Q: How long have you worked in IT? I have worked directly in IT for four years and indirectly with some IT responsibilities for 15 years.
Q: Where does the company do and what is its annual turnover?
The company designs and makes braking systems for automotive manufacturers in Australian and the US. The head office is in East Bentleigh, Victoria, and has an annual turnover of $1 billion.
Q :How many employees and users do you have?
There are 900 employees in Australia with 300 users. In the US there are 200 users among 600 employees; in Europe there are 300 employees and 70 users while in Asia there are 20 users and 50 employees.
Q :What is your IT budget?
More than $2 million.
Q: What are the key applications and infrastructure?
Mapics XA ERP, Lotus notes, Pro-e 3D CAD, Microsoft Office XP. Hardware: iSeries Model 810 (AS/400), Intel servers, PC desktops and laptops. Networking: IP VPN to all global sites, site Local Ethernet LANs Cisco switches. Operating systems: OS/400, NT server, Unix, Windows XP.
Q: How many IT professionals make up your team?
I have a team of 10 in Australia, four in the US and two in Italy. Our operation mode is based around the management of key global support companies. It is interesting that none of these are the big names but are highly specialised companies that get things done at the right price. It is also interesting that each of them is doing well and adding people, which I guess means they are doing something right.
Q: Who do you report to, and who reports to you?
I report to the finance director of Pacifica Group Ltd, which is the listed company. Reporting to me are five people who are responsible for a segment of the IT architecture.
Q: Do you believe that IT currently has the respect it deserves from business leaders?
I am not sure if respect is the right term. In my experience in the manufacturing industry, more specifically the automotive industry which has been for many years mostly electronic in one form or another at the B2B level, IT is an integral part of the business as much as any other function.
During the dotcom time in our business, which by the standards of the day was dubbed bricks and mortar or old economy, we looked at the benefits of the changing technology and picked up and developed that which would enhance the business.
Q: What area of IT do you want to know more about?
The area that I would like to understand better is integration of systems. At times even having in place very tight policy in regard to integration we find unplanned costs arising in this area.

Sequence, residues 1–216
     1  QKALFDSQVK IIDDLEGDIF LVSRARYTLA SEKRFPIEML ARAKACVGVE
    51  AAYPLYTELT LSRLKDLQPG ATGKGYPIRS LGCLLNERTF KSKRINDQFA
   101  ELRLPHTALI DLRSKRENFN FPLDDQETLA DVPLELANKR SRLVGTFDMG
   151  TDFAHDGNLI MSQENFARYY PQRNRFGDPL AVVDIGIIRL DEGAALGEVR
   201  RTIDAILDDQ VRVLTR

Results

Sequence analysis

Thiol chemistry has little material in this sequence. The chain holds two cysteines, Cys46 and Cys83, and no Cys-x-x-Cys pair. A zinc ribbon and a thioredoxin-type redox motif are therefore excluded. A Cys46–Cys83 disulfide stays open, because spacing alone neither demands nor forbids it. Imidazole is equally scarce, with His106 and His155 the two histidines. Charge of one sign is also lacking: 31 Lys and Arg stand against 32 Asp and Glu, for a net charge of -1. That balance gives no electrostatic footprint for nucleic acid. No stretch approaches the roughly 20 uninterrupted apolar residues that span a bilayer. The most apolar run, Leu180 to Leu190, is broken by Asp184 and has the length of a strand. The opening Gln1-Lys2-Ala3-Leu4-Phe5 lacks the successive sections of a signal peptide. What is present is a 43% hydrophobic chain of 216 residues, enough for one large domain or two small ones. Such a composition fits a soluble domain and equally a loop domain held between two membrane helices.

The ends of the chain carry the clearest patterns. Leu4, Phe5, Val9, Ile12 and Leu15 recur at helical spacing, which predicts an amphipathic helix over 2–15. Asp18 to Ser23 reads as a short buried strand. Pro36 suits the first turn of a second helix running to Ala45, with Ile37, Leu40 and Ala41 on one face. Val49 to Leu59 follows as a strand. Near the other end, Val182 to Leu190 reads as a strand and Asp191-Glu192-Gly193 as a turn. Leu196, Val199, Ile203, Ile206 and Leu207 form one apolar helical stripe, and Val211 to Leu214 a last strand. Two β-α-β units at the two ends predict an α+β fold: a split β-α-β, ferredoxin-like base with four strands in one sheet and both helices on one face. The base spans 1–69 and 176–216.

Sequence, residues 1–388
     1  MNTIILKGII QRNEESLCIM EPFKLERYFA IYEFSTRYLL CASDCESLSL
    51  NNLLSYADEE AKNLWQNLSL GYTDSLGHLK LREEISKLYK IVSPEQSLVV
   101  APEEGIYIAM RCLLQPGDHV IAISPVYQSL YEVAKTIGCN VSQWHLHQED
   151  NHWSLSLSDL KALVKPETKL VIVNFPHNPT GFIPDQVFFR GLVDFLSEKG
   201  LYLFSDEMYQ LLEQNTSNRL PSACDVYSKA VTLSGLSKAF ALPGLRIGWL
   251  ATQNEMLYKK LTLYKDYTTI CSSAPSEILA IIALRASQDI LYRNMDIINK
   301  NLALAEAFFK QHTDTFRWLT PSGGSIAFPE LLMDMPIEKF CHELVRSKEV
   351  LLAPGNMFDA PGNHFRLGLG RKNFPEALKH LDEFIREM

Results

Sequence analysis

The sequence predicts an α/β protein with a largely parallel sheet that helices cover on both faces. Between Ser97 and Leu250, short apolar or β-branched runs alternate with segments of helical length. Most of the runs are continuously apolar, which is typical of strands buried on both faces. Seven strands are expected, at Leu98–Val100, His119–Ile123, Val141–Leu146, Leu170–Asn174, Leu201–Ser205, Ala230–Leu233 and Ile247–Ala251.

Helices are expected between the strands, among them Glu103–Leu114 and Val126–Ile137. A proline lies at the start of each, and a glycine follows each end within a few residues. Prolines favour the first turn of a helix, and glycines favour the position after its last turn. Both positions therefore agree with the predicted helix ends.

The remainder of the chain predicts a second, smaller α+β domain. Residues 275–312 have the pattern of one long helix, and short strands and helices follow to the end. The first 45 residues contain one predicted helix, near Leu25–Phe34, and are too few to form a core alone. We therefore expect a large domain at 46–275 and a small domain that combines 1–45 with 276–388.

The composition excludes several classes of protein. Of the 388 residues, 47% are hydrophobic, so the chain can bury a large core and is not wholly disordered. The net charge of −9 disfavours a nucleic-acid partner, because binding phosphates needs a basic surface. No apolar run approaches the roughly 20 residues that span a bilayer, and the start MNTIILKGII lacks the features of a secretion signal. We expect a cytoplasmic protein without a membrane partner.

Q: What are your greatest IT challenges?
They revolve around keeping our global sites at the same level of application and operation, which is critical to our business from both an operational and reporting stance.
Q: What’s been your most difficult IT decision?
Generally I find the decision not all that difficult, it’s the doing than can be tough. One of the many ‘how to’ books I’ve read is called the “Knowing Doing Cap” which is worth a look. I guess the decision to stay with Iseries OS/400 as a core ERP operating system.
Q: What areas of IT do you specialise in?
I am not a specialist in any particular area. My role and background have been in both line and service management. Having spent a good part of this in materials and manufacturing management areas and being involved with APICS (American Production and Inventory Control Society) in lecturing for its certification programs has given me a good base from which to perform a general management role within IT.
Q: What’s been the most exciting IT project or implementation you’ve been involved in?
I suppose the decision back in 1995 to drop our in-house developed ERP system and move to a package, Mapics, was the most exciting in the past. The old system was developed over many years and was not Y2K compliant.
The company’s decision to move for this and other reasons at that time was well worth it.
We also had an IT staff of 40 to support the old system with no overseas sites. This project has proven key to us being were we are today. The other memorable project was the building of our first greenfield site in Knoxville in the US. We installed our second iSeries along with Mapics and linked to Australia via a IPVPN. I lived in the US for two years as part of the plant startup team as IT was seen as core to our business operations.
I also learnt that in Australia we don’t know how to drive on freeways.
Q: What’s been the biggest lifesaver of a purchase or procedure?
Over the past three years we have had our IPVPN go down between two of our sites and as we host and deploy ERP from two iSeries boxes at two sites to all other sites this is mission-critical. The decision to have automatic ISDN backup to all our VPN points has saved the day.